Gates Of Fire

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Gates Of Fire

by Steven Pressfield

Knopf Doubleday Publishing Group | October 20, 1998 | Hardcover

Gates Of Fire is rated 4.5625 out of 5 by 16.
Thousands of years ago, Herodotus and Plutarch immortalized Spartan society in their histories; but today, little is left of the ancient city or the social structure of this momentous culture.  One of the few antiquarian marks of the civilization that has survived lies scores of miles away from Sparta, at a narrow Greek mountain pass called Thermopylae.

It was there that three hundred of Sparta's finest warriors held back the invading millions of the Persian empire and valiantly gave their lives in the selfless service of democracy and freedom.  A simple engraved stone marks their burial ground.

Inspired by this stone and intrigued by the lore of Sparta, author Steven Pressfield has brilliantly combined scholarship with storytelling.  Narrated by the sole survivor of the epic battle--a squire in the Spartan heavy infantry--Gates of Fire is a mesmerizing depiction of one man's indoctrination into the Spartan way of life and death, and of the legendary men and women who gave the culture an immortal gravity.

Culminating in the electrifying and horrifying epic battle, Gates of Fire weaves history, mystery, and heartbreaking romance into a literary page-turner that brings the Homeric tradition into the twenty-first century.

Format: Hardcover

Dimensions: 400 pages, 9.54 × 6.44 × 1.23 in

Published: October 20, 1998

Publisher: Knopf Doubleday Publishing Group

Language: English

The following ISBNs are associated with this title:

ISBN - 10: 0385492510

ISBN - 13: 9780385492515

Found in: Historical

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Reviews

Rated 4 out of 5 by from Really Interesting The movie 300 was based on this book. The book itself delves deeper into the Spartans' lives - their discipline, their way of living and their philosophy of war and life. Their training is described in detail and so is war with its gore and muck. You can almost feel the heavy armour and the superhuman effort that the 300 made at the Hot Gates.
Date published: 2012-11-10
Rated 4 out of 5 by from New Author Challenge #4 This was the final book in my New Author Challenge, and it was worth the time. Even though I found the beginning of this book to be a bit slow, things certainly picked up when the Spartans left for the Hot Gates to make their final stand. Pressfield's description of the battle scenes is feral, gory and intense. He deftly mixes fiction with fact and portrays the Spartans in a very realistic way. I can easily imagine his description of Leonidas as being accurate; as if he based it on a photo and an official biography from the Discovery Channel. He even does Xerxes justice by making him a lot more "human" (as much as a king can be) than the Xerxes portrayed in the film "300". Not that I didn't like that movie, but if you want to really experience the Battle of Thermopylae, Pressfield's novel is the way to do it.
Date published: 2010-12-06
Rated 5 out of 5 by from Read this book! Steven Pressfield delivers one of the best descriptions of ancient battlefields. After several chapters, your arm feels weary from battle fatigue, sweat forms on your skin from the pure intensity of the story. As you read this book, you are there, fighting side by side with the greatest warriors this world has ever seen. His tale of the brave Spartan stand at Thermopylae stands in the halls of great works which envoke a new (however fictional) ideal of the ancient warrior, and the courage and bravery and sacrifice committed to this battle. Pressfield uses the best descriptions of camaraderie, friendship, and the prime life of a warrior. The way Pressfield writes fictional second, third, even fourth hand accounts along with his extreme descriptions make this novel seem as much as a historical document as Herodotus' "The Histories."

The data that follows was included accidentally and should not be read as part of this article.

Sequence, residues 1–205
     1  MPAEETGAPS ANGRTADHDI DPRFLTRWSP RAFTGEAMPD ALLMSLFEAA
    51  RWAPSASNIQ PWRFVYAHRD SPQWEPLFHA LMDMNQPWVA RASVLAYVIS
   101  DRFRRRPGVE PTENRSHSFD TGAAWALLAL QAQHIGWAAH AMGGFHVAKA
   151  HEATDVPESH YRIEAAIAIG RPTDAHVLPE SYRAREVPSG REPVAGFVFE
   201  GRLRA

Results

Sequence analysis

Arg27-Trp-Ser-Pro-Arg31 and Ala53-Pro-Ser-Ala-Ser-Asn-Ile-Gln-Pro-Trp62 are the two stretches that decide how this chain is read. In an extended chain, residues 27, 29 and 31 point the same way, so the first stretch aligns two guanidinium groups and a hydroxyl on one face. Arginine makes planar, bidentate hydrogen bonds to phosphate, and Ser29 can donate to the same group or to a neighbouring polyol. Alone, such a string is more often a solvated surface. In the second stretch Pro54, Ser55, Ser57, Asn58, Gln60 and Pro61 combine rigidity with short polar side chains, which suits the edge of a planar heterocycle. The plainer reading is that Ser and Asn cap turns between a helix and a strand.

Date published: 2007-11-18
Rated 5 out of 5 by from Greatest historical novel of all time! Bought the book prior to the release of '300' and thought Pressfield's account of the battle to save Westerrn Civilization was better than the cinematic visual representations. This book carries the reader back to 480 BC, smack in the middle between the warring armies of Xerxes and King Leonidas. Upon reading the book one realizes how tough and skilled a Spartan Peer had to be. All of us owe a great debt to King Leonidas and his brave army. Awesome book!
Date published: 2007-08-12
Rated 5 out of 5 by from Amazing I'm a 13 year old boy and I absolutely loved it. I also loved the word choice; it really described what was happening and made it feel like you were right there.
Date published: 2007-05-13
Rated 5 out of 5 by from Buy it, Read it, Love it, Read it again. It takes an amazing author to write a novel and keep an audience deeply intrigued when the audience knows how the story ends, and Steven Pressfield does that. Pressfield not only keeps you intrigued, but keeps you on the edge of your seat and plays with your emotions as he turns the main characters in this novel into your best friends. The battles and friendships are strikingly vivid and one can't help but feel more than sorry for them at their lows and ecstatic for them at their highs. My heart reached out for the characters in this story as i came to respect and revere them more than any person I know. I was reminded of honour and chivalry and was honestly inspired to be a better person because when i compared myself to the men in this story i found myself sorely lacking. Before i go into another personal rant i would just like to say that Steven Pressfield's, "Gates of Fire," may perhaps be one of the best books ever written. Ps. for lovers of battle and war, and sometimes gore, this is also a great read as the battles are more intense and brilliantly described than any other book I have ever read. .... Just read it.